June 24, 2009

A Moveable Feast

crêpes on a sunny day

After our weekend wallowing in The Mountain Cheese, we took the TGV from Annecy to Paris, in order to spend a few days of vacation. We checked-in to our hotel near Montparnasse and jumped on the Metro to Montmartre to take in the view of the city from the Sacré-Coeur basilica, and, more importantly, find a good place for dinner.

the other streets were really crowded

We wandered the crowded streets a bit, debated whether or not we wanted to pay the admission fee to climb the steps to the top of the dome of the basilica, considered whether or not my fear of heights would paralize me halfway up the narrow staircase, and then turned around and bought gelato. Eventually, the hoards of tourists and hunger pangs forced us back down the hill, and an inebriated vagabond, who was trailing a little bit too close behind, flushed us out of the series of narrow alleys we were strolling through to a main street lined with cafés. Still indecisive about dinner--we're always indecisive about dinner--we ducked into a bar near Abbessess to regroup over mojitos and caipirinhas.

Our cocktails came with popcorn

Fortified by our tropical libations, we headed back down the alley in search of food. After spending 4 days in the Haute-Savoie eating large, traditional French meals accompanied with much cheese and wine, we opted for something a bit different for dinner.

Le Mono, a Togolese restaurant we found in a restaurant guide given to us by LSB's folks before the trip, was a bit of a hole in the wall, but in a cozy way. Our Mozambican (which is nowhere near Togo, in case you were wondering) waiter was desheveled and more than a bit odd. He spoke English in long, slow, drawn-out phrases that left a lot space for us to make quick, slightly uncomfortable glances at each other while we waited for him to finish. He pointed out the items on the menu that he recommended, and when I asked about a few of the other things listed, he gave me a strange sideways look, as if to say, "nooo...I wouldn't advise you to order that."

It is probably needless to say, but we ordered from the list of waiter-approved items, which started with an appetizer sampler of various fried things from the sea (cod, crab, oysters, etc.) and the house punch--a seriously potent blend of rum, lemon, muddled (more like pulverized)ginger, and cane sugar. LSB ordered a whole fish (Kingfish, I believe) for the second time on the trip (in spite of her previous well-documented difficulties). I don't remember what I ordered, because something entirely different came out. It was some kind of ochre-based stew or savory broth with chunks of fish in it. I also had manioc (a.k.a yucca or cassava), which our waiter described as "a tree that grows under the ground." I guess that's a good enough way to describe a big root.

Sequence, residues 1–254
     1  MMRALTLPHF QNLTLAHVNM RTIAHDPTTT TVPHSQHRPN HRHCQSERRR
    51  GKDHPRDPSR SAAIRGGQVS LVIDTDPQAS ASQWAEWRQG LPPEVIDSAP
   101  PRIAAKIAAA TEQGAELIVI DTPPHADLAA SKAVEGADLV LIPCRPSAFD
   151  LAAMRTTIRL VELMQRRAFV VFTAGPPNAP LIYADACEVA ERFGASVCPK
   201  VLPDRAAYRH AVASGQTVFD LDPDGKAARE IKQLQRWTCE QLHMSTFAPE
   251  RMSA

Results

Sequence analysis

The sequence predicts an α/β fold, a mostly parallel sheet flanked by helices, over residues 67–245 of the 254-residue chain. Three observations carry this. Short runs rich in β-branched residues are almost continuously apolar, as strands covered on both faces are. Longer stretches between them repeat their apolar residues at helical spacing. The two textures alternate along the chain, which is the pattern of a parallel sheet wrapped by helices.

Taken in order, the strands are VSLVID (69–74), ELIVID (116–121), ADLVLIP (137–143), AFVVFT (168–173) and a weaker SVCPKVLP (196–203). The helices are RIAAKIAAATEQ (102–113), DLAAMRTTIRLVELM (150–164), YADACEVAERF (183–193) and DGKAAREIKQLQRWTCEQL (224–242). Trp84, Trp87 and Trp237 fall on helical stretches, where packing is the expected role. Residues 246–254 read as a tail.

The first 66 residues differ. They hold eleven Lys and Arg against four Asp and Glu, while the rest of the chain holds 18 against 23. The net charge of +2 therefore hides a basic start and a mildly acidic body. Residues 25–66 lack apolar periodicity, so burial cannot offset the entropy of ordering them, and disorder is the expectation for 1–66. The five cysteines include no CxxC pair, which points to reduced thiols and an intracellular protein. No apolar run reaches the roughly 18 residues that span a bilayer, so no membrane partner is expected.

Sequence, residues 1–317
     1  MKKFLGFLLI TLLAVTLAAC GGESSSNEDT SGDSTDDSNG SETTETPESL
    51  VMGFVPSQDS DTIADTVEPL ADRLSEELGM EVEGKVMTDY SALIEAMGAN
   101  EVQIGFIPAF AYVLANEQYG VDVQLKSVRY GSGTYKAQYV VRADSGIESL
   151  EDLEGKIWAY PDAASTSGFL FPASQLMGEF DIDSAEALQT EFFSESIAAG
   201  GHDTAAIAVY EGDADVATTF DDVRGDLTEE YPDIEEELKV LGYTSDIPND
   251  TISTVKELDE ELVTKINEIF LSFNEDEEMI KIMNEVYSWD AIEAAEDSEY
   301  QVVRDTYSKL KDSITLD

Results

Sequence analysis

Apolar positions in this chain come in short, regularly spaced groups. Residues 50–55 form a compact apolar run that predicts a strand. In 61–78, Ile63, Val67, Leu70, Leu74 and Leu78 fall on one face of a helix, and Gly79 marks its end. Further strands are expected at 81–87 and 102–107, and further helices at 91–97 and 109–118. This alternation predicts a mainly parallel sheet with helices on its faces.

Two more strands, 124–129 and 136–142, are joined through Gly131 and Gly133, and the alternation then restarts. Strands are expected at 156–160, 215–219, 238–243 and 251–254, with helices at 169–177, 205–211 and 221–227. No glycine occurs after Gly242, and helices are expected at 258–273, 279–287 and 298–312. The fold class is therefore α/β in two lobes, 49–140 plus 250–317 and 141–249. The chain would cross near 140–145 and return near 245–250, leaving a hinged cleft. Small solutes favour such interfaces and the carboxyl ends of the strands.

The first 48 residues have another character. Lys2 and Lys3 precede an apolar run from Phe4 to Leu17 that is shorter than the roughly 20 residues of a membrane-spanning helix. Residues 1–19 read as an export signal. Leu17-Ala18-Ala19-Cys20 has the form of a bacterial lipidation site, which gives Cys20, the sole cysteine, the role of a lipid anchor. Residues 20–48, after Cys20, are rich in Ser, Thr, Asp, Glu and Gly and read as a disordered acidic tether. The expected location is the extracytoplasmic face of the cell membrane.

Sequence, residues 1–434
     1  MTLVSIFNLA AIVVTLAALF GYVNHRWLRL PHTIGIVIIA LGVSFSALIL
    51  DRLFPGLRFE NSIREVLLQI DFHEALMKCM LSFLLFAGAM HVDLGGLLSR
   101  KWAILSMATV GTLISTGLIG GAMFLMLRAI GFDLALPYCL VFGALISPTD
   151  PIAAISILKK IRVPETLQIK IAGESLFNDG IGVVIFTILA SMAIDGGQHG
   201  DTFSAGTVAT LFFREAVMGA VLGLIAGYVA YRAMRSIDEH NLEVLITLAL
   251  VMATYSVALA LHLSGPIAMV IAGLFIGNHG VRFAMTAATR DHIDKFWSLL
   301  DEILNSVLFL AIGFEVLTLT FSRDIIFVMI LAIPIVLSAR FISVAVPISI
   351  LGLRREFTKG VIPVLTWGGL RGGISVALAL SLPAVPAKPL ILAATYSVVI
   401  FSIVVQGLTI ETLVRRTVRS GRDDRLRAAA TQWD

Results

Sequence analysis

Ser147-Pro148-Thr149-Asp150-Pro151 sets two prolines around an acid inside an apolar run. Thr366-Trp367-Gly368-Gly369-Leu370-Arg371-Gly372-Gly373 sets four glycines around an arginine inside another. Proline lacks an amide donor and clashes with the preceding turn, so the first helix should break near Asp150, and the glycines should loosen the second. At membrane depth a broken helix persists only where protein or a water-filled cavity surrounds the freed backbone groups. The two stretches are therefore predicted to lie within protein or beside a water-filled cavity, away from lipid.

The combination of the house punch, odd atmosphere, and way too much--but quite good--food left us sleepy and lethargic, so we called it a night.

The following day started with coffee at a corner café. We wandered mostly around the Left Bank, stopping in St. Sulpice, strolling through Luxembourg Gardens, pausing for crêpes, and continuing on to the Pantheon for some after-lunch crypt-peeping. We crossed the river to visit a speciality food/baking store to buy some gifts for folks back home before heading back toward the Latin Quarter for another decidely unFrench dinner. Wait, that's not exactly true--we did have rosé with our sushi.

In the morning, after a short ride on the Air France bus to Orly, I found myself on Air Iberia once again, for my return trip to Boston (via Madrid). LSB got to sleep in before catching her British Airways flight out of Charles de Gaulle and then was upgraded from her luxurious World Traveller Plus seat to First Class.

At least my plane was not musty this time.

June 22, 2009

Je t'aime, le fromage de montagne!

There, I said it. Okay, so I know that "I love you, the mountain cheese!" may not make complete sense gramatically. It does to me, though, and to my friend Bucky who first uttered the phrase over 10 years ago in adoration of a different type of cheese from a different French mountain range.

This time, it was the Alps and the Reblochon. I ate alot of it, with almost every meal in the course of our long weekend in the Haute-Savoie. To summarize, I ate it:

- with a baguette in front of a mountain chapel

- with a baguette, some terrine, and some rosé by the lake

- baked in a tartiflette (potatoes, onions, cream and bacon)...twice
- as part of an after dinner cheese course (the cheese course being one of my favorite things about France)

Me and a French dinghy